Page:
Weird scheduling wasn’t the only theme of those two games. The Bills offense playing below the expectations set by a dominant Weeks 1-4 was a constant.
After clearing 30 points in three of their first games, the Bills posted 16 against Tennessee and 17 vs. Kansas City. We know Buffalo’s defense isn’t the same unit from the previous Sean McDermott years so what they do against the pitiful Jets in Week 7 doesn’t matter. This is an offense-first team, and that’s the unit that needs to come in and smoke the Jets.
On the season, Josh Allen ranks eighth in the NFL in on-target throw rate (minimum 50 dropbacks) at 78.7 percent. Overall, his accuracy has been much improved, but we’ve seen Allen slip back into some bad habits the last two weeks, however. He ranked 25th among passers with a 63 percent on-target rate in Weeks 6 to 7.
You’d have to be completely obtuse to say the Bills’ last two losses are all on Allen but he certainly needs to play better. A date with the Jets and their truly hideous -110 point differential is just the cure.
Zone coverage has been a foil for Allen over the last two weeks and while the Jets aren’t a man-heavy defense, it didn’t stop him from dropping heaters on them in Week 1. It would be upsetting if Allen, Stefon Diggs, and the rest don’t get rolling here.
4 - Will Washington FT be next to roll over Dallas?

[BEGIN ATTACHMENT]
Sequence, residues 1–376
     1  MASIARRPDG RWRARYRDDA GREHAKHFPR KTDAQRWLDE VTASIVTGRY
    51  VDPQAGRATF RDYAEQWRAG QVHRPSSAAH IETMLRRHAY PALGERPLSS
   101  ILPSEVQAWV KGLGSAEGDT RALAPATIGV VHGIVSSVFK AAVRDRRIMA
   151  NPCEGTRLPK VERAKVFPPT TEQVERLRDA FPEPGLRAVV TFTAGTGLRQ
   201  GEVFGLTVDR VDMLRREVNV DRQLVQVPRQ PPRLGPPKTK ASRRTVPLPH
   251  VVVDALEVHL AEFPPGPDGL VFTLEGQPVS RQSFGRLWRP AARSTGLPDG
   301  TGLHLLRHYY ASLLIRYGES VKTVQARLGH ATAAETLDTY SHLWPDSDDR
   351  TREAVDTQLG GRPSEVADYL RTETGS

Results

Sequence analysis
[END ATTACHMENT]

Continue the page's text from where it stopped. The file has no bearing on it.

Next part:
Stop me if you’ve heard this one before: The Cowboys are coming off an embarrassing defensive outing.
In another sequel, the Cowboys have just allowed an offense (the Cardinals) to enjoy their best outing of the season after multiple weeks of slower games.
Here in Week 7, we’ll see if the Washington Football Team can enjoy their best offensive game of 2020 against this ultra leaky Cowboys defense — just like the Giants, Cardinals, and others did before them.
Washington ranks 30th in Football Outsiders offensive DVOA. They rank dead last as a passing unit and 21st as a rushing outfit.
This is the movable offense against the stoppable force.
To this point, Kyle Allen has been about what you’d expect in his stint as Washington’s starter. He’s been accurate with a 74.5 on-target percentage. However, he’s stuck to the short game with just 5.4 air yards per pass attempt. There have also been his patented costly sacks and fumbles. Again, just like we’d expect.
That said, Allen’s short-game accuracy might be enough to set his primary playmakers up for success against this shipwrecked stop unit.
Terry McLaurin holds a 26 percent share of the team targets while his quarterbacks have played tag team at the starting spot. Not only does he rank 11th among wide receivers in air yards, but he also trails only DeAndre Hopkins with 277 yards after the catch. McLaurin can do it all and create on his own. As long as Allen throws to him as much as he has to this point, McLaurin can smash this matchup.